Balfour Beatty hit with £500,000 HAVS fine
Balfour Beatty Utility Solutions has been fined £500,000 and ordered to pay another £195,000 in costs after it was found that its workers were exposed to hand-arm vibration over a nine-year period.
Sheffield Crown Court heard that workers were regularly put at risk of developing Hand-Arm Vibration Syndrome (HAVS) between 2002 and 2011, while operating hand-held power tools such as hydraulic breakers and floor saws.
An investigation by the HSE found the company failed in its legal duty to ensure the risks to workers who used these tools was kept to as low a level as reasonably practicable.
Balfour Beatty Utility Solutions was also found to have failed to assess the risk to workers’ health, failed to put in place and monitor suitable risk control measures and failed to put in place a suitable system of health surveillance.
The company also failed to report to the enforcing authorities a significant number of cases of employees diagnosed with HAVS as was legally required.
Balfour Beatty Utility Solutions pleaded guilty to breaching Section 2 (1) of the Health and Safety at Work Act 1974, as well as to a breach of the Reporting of Injuries, Diseases and Dangerous Occurrences Regulations 1995.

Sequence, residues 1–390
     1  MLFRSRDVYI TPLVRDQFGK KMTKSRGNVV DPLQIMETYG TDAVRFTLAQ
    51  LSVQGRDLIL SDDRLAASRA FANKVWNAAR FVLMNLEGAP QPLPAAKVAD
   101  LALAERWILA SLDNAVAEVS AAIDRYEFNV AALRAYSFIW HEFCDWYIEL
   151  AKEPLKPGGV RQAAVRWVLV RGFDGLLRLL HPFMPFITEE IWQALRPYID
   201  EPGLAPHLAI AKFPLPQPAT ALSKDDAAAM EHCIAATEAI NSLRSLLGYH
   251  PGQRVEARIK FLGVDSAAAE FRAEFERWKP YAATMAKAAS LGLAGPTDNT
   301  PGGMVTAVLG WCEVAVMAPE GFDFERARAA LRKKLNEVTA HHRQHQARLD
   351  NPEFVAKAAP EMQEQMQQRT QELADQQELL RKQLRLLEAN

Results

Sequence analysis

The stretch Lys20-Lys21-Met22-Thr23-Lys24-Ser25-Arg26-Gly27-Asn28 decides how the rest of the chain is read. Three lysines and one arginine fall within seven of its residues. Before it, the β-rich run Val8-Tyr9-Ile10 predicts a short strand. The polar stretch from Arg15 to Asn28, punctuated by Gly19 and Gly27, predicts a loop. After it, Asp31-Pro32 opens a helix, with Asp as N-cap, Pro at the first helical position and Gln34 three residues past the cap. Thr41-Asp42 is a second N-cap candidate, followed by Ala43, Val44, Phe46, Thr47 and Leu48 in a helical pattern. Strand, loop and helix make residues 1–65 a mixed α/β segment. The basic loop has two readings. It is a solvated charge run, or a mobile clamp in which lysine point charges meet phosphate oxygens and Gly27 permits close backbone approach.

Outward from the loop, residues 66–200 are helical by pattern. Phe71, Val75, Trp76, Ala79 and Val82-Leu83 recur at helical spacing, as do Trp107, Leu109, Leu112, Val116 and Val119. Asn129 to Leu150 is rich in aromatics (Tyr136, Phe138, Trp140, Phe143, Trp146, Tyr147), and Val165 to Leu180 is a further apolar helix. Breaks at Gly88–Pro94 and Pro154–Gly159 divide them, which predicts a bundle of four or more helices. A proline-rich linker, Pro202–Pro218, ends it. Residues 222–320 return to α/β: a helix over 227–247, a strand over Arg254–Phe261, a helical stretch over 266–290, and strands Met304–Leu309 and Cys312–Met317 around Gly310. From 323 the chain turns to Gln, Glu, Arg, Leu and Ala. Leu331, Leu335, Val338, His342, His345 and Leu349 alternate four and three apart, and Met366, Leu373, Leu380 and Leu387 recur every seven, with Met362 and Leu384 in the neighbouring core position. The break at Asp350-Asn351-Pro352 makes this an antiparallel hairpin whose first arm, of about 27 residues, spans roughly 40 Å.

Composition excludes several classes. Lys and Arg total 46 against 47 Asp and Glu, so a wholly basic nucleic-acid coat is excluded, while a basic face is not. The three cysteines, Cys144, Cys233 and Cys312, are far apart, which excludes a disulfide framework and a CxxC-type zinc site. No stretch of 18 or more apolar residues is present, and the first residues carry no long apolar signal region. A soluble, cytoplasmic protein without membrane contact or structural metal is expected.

Speaking after the hearing, HSE inspector Christine Mellor said: “This case was about failing to protect workers. Exposure to hand-arm vibration is a well-known risk which Balfour Beatty Utility Solutions failed to adequately control.
"The company failed to heed warnings. Early health surveillance detected ill health but still this was not acted upon to prevent on-going exposure.
"This is a particularly serious case because of the extent and duration of failures. The breaches were repeated over several years and this resulted in persistent poor compliance."
HAVS is a permanent condition affecting the nerves and blood vessels of the hand. It can cause pain, tingling and numbness, making it difficult to carry out everyday tasks such as gripping and lifting objects, fastening buttons and zips, using a knife and fork or using a tooth brush. In some cases, the hands can have a continuous feeling of wearing mittens and hobbies such as fishing or gardening become impossible to do. Symptoms are often worse in winter when it’s cold. The condition can render a worker disabled, affecting their chances of employment.
A spokesperson for Balfour Beatty said: "The shortcomings in processes identified in this case took place many years ago and were addressed prior to the start of the investigation by the HSE. The judge acknowledged both this and that there was no evidence of anyone coming to harm as a result.
"Balfour Beatty takes its responsibilities both for health and safety extremely seriously."